Nearly all the original American colonies -- like their British rulers -- had official state-funded churches.  But after winning independence from Britain in 1783, America's founders abolished the financing of any religion and declared there would be no national church of the United States.


At that time, nearly the entire American colonial population was Protestant Christian.  Today, the United States is home to nearly every religion in the world. 


Douglas Laycock, professor of constitutional law at the University of Texas says the spirit of church-state separation remains, though its interpretation is sometimes difficult.  ?We hold on to the broad principles that government is not to interfere with anyone's practice of their religion.  Government is not to support or sponsor religion.  The new issue is whether the government should pay for religious schools, hospitals and social service agencies.  Those are mixed institutions.  They teach religion, but they also perform services that the government can pay for, that have secular value.? 


President Bush ignited intense debate when he proposed establishing an office to fund religious groups for such services, a concept he had developed as Texas governor years before.  He argues that religious organizations are most efficient and best suited to care for people in ways secular organizations cannot.


But many lawmakers reject the idea, and after the measure failed in the US congress, the president created his own religious or "faith-based" offices.  Recently, a former manager of the program accused the Bush administration of using the initiative to win political support from Christians but not following it through.  Only a fraction of the promised billions of US dollars have been spent on the proposal.  The White House denies any slowdown.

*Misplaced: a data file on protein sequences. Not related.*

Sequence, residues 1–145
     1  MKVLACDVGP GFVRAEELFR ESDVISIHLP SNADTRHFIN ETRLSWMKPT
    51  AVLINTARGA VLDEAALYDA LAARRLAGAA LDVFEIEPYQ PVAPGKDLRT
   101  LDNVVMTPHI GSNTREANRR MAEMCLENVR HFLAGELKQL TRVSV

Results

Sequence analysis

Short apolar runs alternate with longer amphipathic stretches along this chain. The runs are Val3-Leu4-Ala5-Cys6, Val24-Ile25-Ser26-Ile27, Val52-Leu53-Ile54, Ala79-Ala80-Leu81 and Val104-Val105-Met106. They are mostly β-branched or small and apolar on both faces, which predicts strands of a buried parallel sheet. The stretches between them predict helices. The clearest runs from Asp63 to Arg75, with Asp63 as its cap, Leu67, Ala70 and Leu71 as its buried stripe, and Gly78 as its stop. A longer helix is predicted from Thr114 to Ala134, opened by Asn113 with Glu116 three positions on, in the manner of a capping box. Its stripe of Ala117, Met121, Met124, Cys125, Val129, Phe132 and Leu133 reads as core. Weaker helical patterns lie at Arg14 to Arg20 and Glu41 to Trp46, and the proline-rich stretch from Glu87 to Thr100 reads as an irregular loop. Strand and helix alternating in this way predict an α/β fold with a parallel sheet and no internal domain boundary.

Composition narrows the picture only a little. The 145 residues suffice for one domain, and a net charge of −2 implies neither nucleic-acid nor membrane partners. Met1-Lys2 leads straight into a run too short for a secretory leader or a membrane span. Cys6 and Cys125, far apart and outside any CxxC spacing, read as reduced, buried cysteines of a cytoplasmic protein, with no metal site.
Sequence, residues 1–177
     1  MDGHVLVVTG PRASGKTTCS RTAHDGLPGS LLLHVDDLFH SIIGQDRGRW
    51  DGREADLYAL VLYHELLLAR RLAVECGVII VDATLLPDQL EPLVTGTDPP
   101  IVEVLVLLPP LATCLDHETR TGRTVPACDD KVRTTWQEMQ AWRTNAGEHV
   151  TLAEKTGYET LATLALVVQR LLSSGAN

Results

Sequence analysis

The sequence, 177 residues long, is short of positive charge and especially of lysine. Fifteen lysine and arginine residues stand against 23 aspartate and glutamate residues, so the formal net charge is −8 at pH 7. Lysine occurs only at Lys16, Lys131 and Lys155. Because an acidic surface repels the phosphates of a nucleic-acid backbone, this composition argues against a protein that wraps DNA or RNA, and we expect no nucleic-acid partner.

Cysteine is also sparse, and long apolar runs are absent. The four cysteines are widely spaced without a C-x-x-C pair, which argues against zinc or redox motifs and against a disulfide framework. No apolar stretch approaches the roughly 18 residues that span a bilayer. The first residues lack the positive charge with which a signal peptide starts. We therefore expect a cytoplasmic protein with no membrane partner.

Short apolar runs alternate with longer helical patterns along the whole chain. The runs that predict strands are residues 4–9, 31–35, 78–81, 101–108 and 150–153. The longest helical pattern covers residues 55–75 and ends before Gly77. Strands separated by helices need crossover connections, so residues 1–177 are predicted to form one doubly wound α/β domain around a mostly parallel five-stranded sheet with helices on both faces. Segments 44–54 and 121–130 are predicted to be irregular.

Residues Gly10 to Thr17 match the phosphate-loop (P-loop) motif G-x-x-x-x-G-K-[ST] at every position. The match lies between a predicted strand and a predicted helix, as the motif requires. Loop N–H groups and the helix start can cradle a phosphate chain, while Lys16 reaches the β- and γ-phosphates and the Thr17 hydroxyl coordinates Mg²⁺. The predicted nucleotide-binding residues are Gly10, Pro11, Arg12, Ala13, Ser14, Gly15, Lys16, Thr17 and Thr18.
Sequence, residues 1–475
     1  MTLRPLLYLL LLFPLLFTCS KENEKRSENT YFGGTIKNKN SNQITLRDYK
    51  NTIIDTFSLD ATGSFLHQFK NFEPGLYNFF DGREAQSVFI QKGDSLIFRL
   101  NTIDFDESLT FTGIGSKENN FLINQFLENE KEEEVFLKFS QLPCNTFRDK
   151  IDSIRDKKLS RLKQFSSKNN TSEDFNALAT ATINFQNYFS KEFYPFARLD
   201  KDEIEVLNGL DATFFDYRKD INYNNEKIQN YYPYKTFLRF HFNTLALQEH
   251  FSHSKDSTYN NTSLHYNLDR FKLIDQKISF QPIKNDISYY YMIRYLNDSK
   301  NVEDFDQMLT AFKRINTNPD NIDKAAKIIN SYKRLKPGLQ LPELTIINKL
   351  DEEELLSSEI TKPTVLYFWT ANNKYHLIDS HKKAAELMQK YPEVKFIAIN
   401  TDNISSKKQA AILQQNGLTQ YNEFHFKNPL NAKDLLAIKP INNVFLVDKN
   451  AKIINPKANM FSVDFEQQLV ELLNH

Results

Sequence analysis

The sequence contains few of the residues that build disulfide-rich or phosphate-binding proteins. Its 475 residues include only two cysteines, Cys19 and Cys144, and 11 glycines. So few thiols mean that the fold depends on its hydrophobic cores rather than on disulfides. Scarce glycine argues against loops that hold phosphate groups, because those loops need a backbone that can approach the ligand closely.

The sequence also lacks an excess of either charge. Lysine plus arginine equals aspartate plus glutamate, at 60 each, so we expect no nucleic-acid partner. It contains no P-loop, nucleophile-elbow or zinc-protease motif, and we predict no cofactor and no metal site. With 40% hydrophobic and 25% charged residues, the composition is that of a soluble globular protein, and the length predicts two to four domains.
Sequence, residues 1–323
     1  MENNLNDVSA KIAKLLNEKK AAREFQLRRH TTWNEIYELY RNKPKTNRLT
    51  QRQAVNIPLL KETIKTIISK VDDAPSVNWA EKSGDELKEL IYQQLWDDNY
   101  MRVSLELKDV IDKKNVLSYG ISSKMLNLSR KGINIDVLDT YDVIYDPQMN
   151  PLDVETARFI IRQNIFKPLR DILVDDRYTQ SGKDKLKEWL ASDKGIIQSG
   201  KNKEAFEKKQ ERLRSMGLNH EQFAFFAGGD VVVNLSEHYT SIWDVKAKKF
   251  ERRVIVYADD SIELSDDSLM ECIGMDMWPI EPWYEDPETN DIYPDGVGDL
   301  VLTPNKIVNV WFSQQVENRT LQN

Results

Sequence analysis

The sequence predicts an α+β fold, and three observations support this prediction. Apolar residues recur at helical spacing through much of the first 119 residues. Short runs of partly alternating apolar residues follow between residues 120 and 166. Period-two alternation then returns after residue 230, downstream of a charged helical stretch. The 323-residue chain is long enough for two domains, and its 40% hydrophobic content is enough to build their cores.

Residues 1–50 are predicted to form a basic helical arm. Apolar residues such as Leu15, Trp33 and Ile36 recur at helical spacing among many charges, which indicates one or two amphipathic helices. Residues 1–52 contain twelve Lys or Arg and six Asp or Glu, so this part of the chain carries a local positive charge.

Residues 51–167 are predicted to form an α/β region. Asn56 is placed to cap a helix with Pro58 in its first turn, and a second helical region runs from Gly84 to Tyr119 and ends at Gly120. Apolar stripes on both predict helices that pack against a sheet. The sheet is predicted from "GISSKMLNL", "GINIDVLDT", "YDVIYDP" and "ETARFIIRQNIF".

For decades, governments at all levels have provided money to charities for social welfare programs.  But President Bush has gone beyond that, says Welton Gaddy, a Baptist minister and president of the Interfaith Alliance, an organization dedicated to promoting the role of faith in civic life.  ?For the first time in history, public tax dollars are channeled into pervasively religious institutions.  It represents the public funding of religious activities.?


The Reverend Gaddy believes this move endangers the constitutional guarantee of church-state separation.  But supporters of the faith-based initiatives say they are reversing years of discrimination against government funding of religious groups. 


Richard Land, also a Baptist minister, is a director at the evangelical Southern Baptist Convention.  He says the Bush initiative does not violate church-state separation because it does not directly fund the spread of religious beliefs.  But it does recognize the robust character of religion in America.  ?There are secular fundamentalists who pretend and want the country to pretend that we are not a very religious nation - we are.  61 percent of Americans say that religion is very important in their lives.  In this regard, America is much more like the rest of the world and much less like Western Europe and Canada.


The Reverend Land notes President Bush has always said his faith will govern his actions.  That is not so different from the attitude of past presidents.  ?The president is not departing from what has been the historical practice of Americans and their leaders having religion play an important part in their speeches, public policy and in their public events.  It is not a violation of separation of church and state unless it were to be required by the state, which of course it is not.?


However, the Reverend Gaddy thinks President Bush goes further than his predecessors.  ?He uses religious language to advance public policy.  That shuts down the debate that is so important in a democracy by suggesting that if this position is one endorsed by religion itself, then this is an issue you should not question.?


The Reverend Gaddy warns this kind of rhetoric could lead to further entanglement of church and state, with injury to both.  But the Reverend Land contends that a president's moral values -- often grounded in religious belief -- inevitably tie to his public policies.  No doubt religious leaders like the Reverends Land and Gaddy will continue their debate as President Bush recently re-affirmed his commitment to the initiative, saying "faith can move mountains."